Motion designer Christian Stangl has shown us some incredible videos shot in space. This time, he chose quite the opposite of the vast universe and filmed a timelapse from up close. Using macro lenses or a microscope, he shot an incredible timelapse named Dry Out, showing various plants shriveling as they dry out.
Each print that I create is a composite of hundreds (sometimes thousands) of individual photos digitally stitched together. Using a method of macro photography called “photo stacking” it’s possible to create images with an incredible amount of detail, even when printed at a very large scale.
To show you the amount of work involved—often reaching 10 to 20 hours per image or more—I’ll walk you through my process using a giant stag beetle (Cyclommattus metallifer finae) from Indonesia. It is time-intensive and tedious, but worth it. Let’s get to it.
Nikon Small World is one of those contests that shows us the world around us in a completely different light. The 2020 winners have been announced, and just like always, they reveal a stunning microscopic view of animals, plants, insects, and humans. We bring you the top 20 best photos from this year’s contest, and like every year, I’m sure you won’t be disappointed.
Seeing the world around us from up close gives us a whole new perspective of even the most everyday things. If you enjoy rediscovering your surroundings through photography, you’re gonna love this year’s winners of the Close-up Photographer of the Year (CUPOTY) contest. It celebrates close-up, macro, and micro photography, and it lets us see the world anew.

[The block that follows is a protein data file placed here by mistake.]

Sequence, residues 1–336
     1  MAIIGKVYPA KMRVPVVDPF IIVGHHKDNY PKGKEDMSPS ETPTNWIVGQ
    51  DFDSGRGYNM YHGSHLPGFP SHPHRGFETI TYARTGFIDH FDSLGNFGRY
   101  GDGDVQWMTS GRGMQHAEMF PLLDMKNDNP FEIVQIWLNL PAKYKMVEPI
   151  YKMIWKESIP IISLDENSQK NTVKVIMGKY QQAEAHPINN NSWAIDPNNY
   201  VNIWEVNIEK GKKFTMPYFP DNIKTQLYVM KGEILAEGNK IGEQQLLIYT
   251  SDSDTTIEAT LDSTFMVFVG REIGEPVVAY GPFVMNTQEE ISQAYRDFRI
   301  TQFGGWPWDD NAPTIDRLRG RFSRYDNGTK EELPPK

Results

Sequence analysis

Nikon Small World competition was founded in 1974 to recognize excellence in photography through the microscope. The results of the 44th competition have just been announced, and they will take your breath away.
This year, the contest had nearly 2,500 entries from scientists and artists in 89 countries. The judges have chosen the top 20 images, and we’re bringing you the winning photos here on DIYP.
When we magnify even the most ordinary object, we can discover interesting new worlds. Photographer and videographer Andrew “Drew” Geraci did this with food we see and consume every day. With help of a microscope and a camera, he magnified his subjects 1000x and turned them into an abstract and trippy video. His short film titled Structure shows us the unseen, micro world of the things we see every day.
BLIPS is an ultra portable super slim pair of lenses for your smartphone. One offers macro, letting you focus much closer than your phone’s standard lens will allow. The other is a micro lens, allowing you to get even closer, for some big magnification.
Mobile macro lenses are certainly nothing new, but this is the first we’ve seen with such a small and unobtrusive form factor, making it ideal to slip in your wallet and keep with you when you’re out and about.